Saturday

23rd Mar 2019

Ministers crawl toward bank resolution deal

EU finance ministers will reconvene on Wednesday (26 June) in a last-ditch attempt to agree on common rules to wind down ailing banks.

Ministers failed to reach a deal despite almost 20 hours of talks in Luxembourg that ran from Friday into Saturday morning.

Read and decide

Join EUobserver today

Support quality EU news

Get instant access to all articles — and 18 year's of archives. 30 days free trial.

... or join as a group

  • Ministers failed to reach agreement despite 20 hours of talks in Luxembourg (Photo: The Council of the European Union)

A common position is required before ministers can open negotiations with the European Parliament, which agreed its own stance on the new regime in May.

The bank resolution and recovery directive, tabled by the European Commission in June 2012, was widely seen as a precursor to the single resolution mechanism (SRM) for the eurozone, a controversial piece of legislation expected to be proposed in the coming weeks by the EU executive.

The directive sets out a hierarchy of shareholders and creditors who would be "bailed in" to bear losses if a bank got into serious difficulties, leaving savers as the last in line to lose money.

By forcing shareholders and major creditors to pay for a bank collapse, ministers hope to avoid a repeat of the multi-billion euro taxpayer funded bailouts following the 2008-9 financial crisis.

Although there had been earlier disagreement over the prospect of rules requiring all member states to set up bank-funded resolution funds earlier in negotiations, the main stumbling block was over how much flexibility governments should be granted in making decisions on winding down banks.

The UK and Sweden are among a group anxious to be allowed to invoke a "financial stability" clause to take account of spill-over effects that resolving a single bank could have on the rest of the sector.

However, Germany and the Netherlands are among those believing that too much flexibility would create new imbalances between the bloc’s weaker and stronger economies.

The previous evening, on Thursday (20 June), ministers agreed guidelines on how the eurozone's emergency bailout fund can inject money directly into struggling banks.

Starting in mid-2014 when the eurozone's new bank supervision regime begins, €60 billion out of the European Stability Mechanism's €500 billion lending capacity will be allocated to bank recapitalization.

“I think we can reach a deal if we take a few more days,” said Michel Barnier, the EU's commissioner on financial regulation.

“We are not far off now from a political agreement,” he added.

For his part, French finance minister Pierre Moscovici claimed that "90 percent" of the work has been completed.

However, Irish counterpart Michael Noonan cautioned that there are still “real issues” to be resolved.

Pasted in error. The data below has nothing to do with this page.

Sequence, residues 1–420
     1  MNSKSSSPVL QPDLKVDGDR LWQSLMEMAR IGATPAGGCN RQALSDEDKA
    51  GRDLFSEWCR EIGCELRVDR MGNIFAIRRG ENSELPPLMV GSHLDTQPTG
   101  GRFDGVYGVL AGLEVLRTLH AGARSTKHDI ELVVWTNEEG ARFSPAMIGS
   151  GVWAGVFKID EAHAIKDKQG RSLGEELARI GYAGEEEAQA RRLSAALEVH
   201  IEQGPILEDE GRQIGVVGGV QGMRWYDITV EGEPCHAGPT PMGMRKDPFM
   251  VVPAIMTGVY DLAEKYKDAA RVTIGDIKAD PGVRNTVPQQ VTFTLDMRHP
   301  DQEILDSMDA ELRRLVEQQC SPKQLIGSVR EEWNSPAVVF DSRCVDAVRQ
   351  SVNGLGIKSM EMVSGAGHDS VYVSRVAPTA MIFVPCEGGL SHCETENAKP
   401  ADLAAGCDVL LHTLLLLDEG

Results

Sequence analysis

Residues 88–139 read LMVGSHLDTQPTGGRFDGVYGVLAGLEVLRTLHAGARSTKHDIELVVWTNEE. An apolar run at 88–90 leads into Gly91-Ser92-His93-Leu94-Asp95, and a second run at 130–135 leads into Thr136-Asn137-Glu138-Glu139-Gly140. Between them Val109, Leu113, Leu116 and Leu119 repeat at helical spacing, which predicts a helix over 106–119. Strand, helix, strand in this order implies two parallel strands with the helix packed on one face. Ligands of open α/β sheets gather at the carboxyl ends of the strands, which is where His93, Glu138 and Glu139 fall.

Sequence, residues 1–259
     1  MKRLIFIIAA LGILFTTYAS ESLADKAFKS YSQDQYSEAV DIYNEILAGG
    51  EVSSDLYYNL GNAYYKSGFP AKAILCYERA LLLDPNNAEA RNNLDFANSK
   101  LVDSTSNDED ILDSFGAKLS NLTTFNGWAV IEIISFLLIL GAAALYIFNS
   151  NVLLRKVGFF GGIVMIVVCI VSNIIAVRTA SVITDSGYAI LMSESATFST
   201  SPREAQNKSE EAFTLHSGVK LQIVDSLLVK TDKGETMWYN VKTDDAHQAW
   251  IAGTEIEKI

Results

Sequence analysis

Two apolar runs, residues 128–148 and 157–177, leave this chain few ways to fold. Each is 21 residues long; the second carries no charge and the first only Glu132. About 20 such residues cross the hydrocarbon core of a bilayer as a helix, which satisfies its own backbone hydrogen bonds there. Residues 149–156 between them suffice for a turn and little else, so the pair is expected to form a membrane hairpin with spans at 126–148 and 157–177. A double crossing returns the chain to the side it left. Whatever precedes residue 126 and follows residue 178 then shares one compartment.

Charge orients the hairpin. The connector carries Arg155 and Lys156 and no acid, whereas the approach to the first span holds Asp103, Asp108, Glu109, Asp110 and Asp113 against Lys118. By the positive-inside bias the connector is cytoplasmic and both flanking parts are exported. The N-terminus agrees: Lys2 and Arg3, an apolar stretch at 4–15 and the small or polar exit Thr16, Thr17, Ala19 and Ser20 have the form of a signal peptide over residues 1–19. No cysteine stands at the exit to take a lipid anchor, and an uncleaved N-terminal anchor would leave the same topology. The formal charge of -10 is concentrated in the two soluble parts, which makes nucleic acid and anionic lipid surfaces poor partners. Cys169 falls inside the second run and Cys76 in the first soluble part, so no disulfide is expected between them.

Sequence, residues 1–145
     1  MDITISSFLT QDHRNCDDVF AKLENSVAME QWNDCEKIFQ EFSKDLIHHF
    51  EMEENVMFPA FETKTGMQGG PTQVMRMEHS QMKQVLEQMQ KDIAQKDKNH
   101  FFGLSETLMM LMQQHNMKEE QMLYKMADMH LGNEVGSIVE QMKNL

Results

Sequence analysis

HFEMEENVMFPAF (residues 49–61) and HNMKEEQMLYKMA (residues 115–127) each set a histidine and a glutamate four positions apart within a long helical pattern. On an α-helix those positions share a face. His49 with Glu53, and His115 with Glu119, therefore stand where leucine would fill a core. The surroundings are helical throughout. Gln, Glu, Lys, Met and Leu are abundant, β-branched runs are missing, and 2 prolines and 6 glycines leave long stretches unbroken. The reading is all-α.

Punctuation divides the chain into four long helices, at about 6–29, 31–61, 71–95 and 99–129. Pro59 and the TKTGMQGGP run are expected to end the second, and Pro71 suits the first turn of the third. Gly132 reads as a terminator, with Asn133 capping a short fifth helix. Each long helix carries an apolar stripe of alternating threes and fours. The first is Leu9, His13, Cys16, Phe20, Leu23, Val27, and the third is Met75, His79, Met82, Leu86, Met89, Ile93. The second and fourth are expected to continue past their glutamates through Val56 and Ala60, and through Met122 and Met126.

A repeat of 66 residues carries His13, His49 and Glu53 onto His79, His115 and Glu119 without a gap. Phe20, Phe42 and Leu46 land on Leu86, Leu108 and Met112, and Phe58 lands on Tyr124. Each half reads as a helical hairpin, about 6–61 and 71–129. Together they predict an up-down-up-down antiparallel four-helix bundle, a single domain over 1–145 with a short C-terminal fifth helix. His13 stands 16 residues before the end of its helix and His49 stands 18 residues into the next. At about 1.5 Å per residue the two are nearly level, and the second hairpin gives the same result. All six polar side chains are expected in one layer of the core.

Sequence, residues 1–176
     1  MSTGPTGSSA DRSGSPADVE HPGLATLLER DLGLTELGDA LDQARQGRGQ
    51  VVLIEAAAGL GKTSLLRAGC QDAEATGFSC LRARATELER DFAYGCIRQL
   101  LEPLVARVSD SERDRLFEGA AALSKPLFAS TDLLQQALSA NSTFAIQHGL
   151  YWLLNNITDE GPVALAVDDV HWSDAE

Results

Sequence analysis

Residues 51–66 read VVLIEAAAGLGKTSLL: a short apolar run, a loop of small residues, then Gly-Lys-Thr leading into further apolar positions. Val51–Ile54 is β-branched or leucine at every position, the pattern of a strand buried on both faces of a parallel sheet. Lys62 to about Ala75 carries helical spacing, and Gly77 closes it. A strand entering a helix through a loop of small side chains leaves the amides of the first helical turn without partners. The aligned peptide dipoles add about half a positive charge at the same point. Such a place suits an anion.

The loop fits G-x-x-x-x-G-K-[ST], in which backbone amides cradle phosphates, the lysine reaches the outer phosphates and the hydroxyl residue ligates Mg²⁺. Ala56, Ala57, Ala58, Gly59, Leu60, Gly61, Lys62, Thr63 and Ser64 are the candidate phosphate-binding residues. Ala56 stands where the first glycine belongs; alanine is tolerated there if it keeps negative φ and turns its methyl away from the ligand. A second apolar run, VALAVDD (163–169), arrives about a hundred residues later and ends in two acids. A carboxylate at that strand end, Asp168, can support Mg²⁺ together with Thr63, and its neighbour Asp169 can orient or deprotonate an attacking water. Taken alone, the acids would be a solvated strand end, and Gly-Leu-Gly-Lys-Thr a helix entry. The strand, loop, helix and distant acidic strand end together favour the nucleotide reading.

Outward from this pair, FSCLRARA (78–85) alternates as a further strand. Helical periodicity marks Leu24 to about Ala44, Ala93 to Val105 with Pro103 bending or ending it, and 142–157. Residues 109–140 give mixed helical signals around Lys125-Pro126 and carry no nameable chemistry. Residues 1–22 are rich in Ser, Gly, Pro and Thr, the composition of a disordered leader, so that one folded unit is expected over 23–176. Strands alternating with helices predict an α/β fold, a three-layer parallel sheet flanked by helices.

“There is no guarantee there will be a solution on Wednesday,” he noted.

EU ministers agree rules on bank collapses

Bank shareholders and creditors will be first in line to suffer losses if their bank gets into difficulties, according to draft rules agreed by ministers Thursday.

News in Brief

  1. EU leaders at summit demand more effort on disinformation
  2. Report: Corbyn to meet May on Monday for Brexit talks
  3. Petition against Brexit attracts 2.4m signatures
  4. Study: Brexit to cost EU citizens up to €40bn annually
  5. NGOs demand France halt Saudi arm sales
  6. Report: Germany against EU net-zero emissions target
  7. Former top EU official takes job at law firm
  8. Draft text of EU summit has Brexit extension until 22 May

Feature

Romania enlists priests to promote euro switchover plan

Romania is due to join the single currency in 2024 - despite currently only meeting one of the four criteria. Now the government in Bucharest is enlisting an unlikely ally to promote the euro to the public: the clergy.

Trump and Kurz: not best friends, after all

The visit of Austrian chancellor Sebastian Kurz to the White House on Wednesday showed that the current rift in transatlantic relations is deepening by the day.

Stakeholders' Highlights

  1. Nordic Council of MinistersNew campaign: spot, capture and share Traces of North
  2. Nordic Council of MinistersLeading Nordic candidates go head-to-head in EU election debate
  3. Nordic Council of MinistersNew Secretary General: Nordic co-operation must benefit everybody
  4. Platform for Peace and JusticeMEP Kati Piri: “Our red line on Turkey has been crossed”
  5. UNICEF2018 deadliest year yet for children in Syria as war enters 9th year
  6. Nordic Council of MinistersNordic commitment to driving global gender equality
  7. International Partnership for Human RightsMeet your defender: Rasul Jafarov leading human rights defender from Azerbaijan
  8. UNICEFUNICEF Hosts MEPs in Jordan Ahead of Brussels Conference on the Future of Syria
  9. Nordic Council of MinistersNordic talks on parental leave at the UN
  10. International Partnership for Human RightsTrial of Chechen prisoner of conscience and human rights activist Oyub Titiev continues.
  11. Nordic Council of MinistersNordic food policy inspires India to be a sustainable superpower
  12. Nordic Council of MinistersMilestone for Nordic-Baltic e-ID

Latest News

  1. Italy takes China's new Silk Road to the heart of Europe
  2. What EU leaders agreed on climate - and what they mean
  3. Copyright and (another) new Brexit vote This WEEK
  4. EU avoids Brexit crash, sets new date for 12 April
  5. Campaigning commissioners blur the lines
  6. Slovakia puts squeeze on free press ahead of election
  7. EPP suspends Orban's Fidesz party
  8. Macron is confusing rigidity with strength

Join EUobserver

Support quality EU news

Join us